By Natalia Zinets KYIV (Reuters) – Ukraine ruled out a ceasefire or concessions to Moscow while Russia intensified an offensive in the eastern Donbas region and stopped sending gas to Finland in its latest salvo in response to Western sanctions and its deepening international isolation. Polish President Andrzej Duda, who met President Volodymyr Zelenskiy in […]
Kyiv rules out ceasefire as Russia steps up offensive in Ukraine’s east
By Natalia Zinets
KYIV (Reuters) – Ukraine ruled out a ceasefire or concessions to Moscow while Russia intensified an offensive in the eastern Donbas region and stopped sending gas to Finland in its latest salvo in response to Western sanctions and its deepening international isolation.
Polish President Andrzej Duda, who met President Volodymyr Zelenskiy in Kyiv last month, was back to address the Ukrainian parliament on Sunday, the first foreign leader to do so in person.
After ending weeks of resistance by the last Ukrainian fighters in the strategic southeastern port of Mariupol, Russia is waging a major offensive in Luhansk, one of two provinces in Donbas.
Russian-backed separatists already controlled swathes of Luhansk and the neighbouring Donetsk provinces before Russia invaded Ukraine on Feb. 24, but Moscow wants to seize the last remaining Ukrainian-held territory in the region.
On the Donetsk frontline, Russian forces were trying to break through Ukrainian defences to reach the administrative borders of the Luhansk region, while further north they continued heavy shelling of Sievierodonetsk and Lysychansk, Ukraine’s general staff said in its daily update on Sunday.
Sievierodonetsk and its twin Lysychansk across the Siverskiy Donets River form the eastern part of a Ukrainian-held pocket that Russia has been trying to overrun since mid-April after failing to capture Kyiv and shifting its focus to the east and south of the country.
The British Defence Ministry said on Sunday that Russia was deploying its BMP-T “Terminator” tank-support vehicles in that offensive. With only 10 available for a unit that already suffered heavy losses in the failed attempt on Kyiv, however, the ministry said they were “unlikely to have a significant impact”.
Ukraine’s lead negotiator, speaking to Reuters on Saturday, ruled out a ceasefire or any deal with Moscow that involved ceding territory. Making concessions would backfire because Russia would hit back harder after any break in fighting, Zelenskiy’s adviser Mykhailo Podolyak said.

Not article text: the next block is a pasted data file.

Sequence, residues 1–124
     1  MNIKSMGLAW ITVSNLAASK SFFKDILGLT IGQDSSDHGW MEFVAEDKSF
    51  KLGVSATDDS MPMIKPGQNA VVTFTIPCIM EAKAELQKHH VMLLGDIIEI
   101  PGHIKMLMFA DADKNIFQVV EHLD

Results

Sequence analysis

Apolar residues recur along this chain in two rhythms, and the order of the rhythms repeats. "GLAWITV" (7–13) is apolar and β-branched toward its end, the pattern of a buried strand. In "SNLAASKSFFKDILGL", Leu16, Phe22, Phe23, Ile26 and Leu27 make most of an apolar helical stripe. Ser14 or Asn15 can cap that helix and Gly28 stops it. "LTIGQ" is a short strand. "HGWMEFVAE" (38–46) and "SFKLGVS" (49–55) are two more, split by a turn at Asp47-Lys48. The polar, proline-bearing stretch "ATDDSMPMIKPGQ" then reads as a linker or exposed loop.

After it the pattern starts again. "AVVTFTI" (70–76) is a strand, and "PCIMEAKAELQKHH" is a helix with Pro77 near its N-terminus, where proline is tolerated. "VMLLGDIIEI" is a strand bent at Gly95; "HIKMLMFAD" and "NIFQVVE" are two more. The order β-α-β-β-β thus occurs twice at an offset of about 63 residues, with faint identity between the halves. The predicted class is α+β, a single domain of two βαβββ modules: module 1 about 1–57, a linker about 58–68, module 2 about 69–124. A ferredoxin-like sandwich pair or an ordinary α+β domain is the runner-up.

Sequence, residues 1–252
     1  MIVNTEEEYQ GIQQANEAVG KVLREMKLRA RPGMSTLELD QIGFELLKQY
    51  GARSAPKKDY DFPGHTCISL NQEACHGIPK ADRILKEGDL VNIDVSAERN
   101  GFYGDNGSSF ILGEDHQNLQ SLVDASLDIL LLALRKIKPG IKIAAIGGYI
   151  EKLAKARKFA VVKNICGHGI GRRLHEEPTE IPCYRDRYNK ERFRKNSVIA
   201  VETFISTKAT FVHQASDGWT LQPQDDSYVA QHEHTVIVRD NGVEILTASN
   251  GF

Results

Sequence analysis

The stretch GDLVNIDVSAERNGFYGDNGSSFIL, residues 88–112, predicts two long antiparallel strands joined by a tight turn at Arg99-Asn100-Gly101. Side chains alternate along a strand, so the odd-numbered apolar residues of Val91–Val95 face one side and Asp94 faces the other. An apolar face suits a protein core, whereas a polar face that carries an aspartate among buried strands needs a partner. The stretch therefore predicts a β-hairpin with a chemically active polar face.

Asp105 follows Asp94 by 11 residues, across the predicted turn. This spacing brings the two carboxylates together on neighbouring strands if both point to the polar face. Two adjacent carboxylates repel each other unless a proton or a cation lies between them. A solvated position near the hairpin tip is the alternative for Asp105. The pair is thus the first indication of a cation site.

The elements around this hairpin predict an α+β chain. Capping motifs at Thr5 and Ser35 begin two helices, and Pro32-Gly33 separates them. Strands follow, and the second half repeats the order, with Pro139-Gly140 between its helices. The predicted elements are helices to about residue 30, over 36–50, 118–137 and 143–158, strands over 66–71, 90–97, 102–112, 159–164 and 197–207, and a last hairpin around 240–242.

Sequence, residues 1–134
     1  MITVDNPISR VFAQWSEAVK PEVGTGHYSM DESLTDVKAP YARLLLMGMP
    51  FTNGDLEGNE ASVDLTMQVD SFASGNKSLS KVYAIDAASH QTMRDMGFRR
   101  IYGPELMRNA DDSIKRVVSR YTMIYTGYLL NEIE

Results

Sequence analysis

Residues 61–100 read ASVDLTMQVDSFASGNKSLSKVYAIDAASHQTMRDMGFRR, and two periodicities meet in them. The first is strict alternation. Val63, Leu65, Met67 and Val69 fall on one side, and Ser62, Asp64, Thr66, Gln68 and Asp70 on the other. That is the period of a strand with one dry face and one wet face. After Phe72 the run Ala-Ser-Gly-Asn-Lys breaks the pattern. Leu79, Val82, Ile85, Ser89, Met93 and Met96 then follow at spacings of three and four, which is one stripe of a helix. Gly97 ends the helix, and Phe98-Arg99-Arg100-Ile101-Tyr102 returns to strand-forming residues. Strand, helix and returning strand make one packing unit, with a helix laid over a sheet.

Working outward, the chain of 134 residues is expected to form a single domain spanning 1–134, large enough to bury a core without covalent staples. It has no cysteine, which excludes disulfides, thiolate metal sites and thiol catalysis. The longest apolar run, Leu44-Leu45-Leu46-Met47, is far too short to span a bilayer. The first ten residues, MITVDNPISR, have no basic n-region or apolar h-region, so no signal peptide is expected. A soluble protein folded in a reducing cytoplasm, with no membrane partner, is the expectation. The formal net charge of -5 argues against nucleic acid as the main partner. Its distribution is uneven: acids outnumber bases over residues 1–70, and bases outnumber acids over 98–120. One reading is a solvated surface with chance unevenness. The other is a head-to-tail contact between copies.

“The war will not stop. It will just be put on pause for some time,” Podolyak said in an interview in the heavily guarded presidential office. “They’ll start a new offensive, even more bloody and large-scale.”
Recent calls for an immediate ceasefire have come from U.S. Defense Secretary Lloyd Austin and Italian Prime Minister Mario Draghi.
The end of fighting in Mariupol, the biggest city Russia has captured, gives Russian President Vladimir Putin a rare victory after a series of setbacks in nearly three months of combat.
The last Ukrainian forces holed up Mariupol’s vast Azovstal steelworks have surrendered, the Russian defence ministry said on Friday.
Full control of Mariupol gives Russia command of a land route linking the Crimean Peninsula, which Moscow seized in 2014, with mainland Russia and parts of eastern Ukraine held by pro-Russia separatists.
Russian state gas company Gazprom said on Saturday it had halted gas exports to Finland, which has refused Moscow’s demands to pay in roubles for Russian gas after Western countries imposed sanctions over the invasion.
Finland said it was prepared for the cutoff of Russian flows. It applied together with its Nordic neighbour Sweden on Wednesday to join the NATO military alliance, although that is facing resistance from NATO member Turkey.
Most European supply contracts are denominated in euros or dollars. Last month, Moscow cut off gas to Bulgaria and Poland after they rejected the new terms.
Western nations have also stepped up weapons supplies to Ukraine. On Saturday, Kyiv got another huge boost when U.S. President Joe Biden signed a bill to provide nearly $40 billion in military, economic and humanitarian aid.
Moscow says Western sanctions, along with arms deliveries for Kyiv, amount to a “proxy war” by the United States and its allies.
Putin calls the invasion a “special military operation” to disarm Ukraine and rid it of radical anti-Russian nationalists. Ukraine and its allies have dismissed that as a baseless pretext for the war, which has killed thousands of people in Ukraine, displaced millions and shattered cities.
Zelenskiy said he stressed the importance of more sanctions on Russia and unblocking Ukrainian ports in a call with Italy’s Draghi on Saturday.
(Reporting by Natalia Zinets, Max Hunder, Tom Balmforth in Kyiv, David Ljunggren in Ottawa, Lidia Kelly in Melbourne and Reuters bureaux; Writing by Richard Pullin, Doina Chiacu and Tomasz Janowski; Editing by Gerry Doyle and Frances Kerry)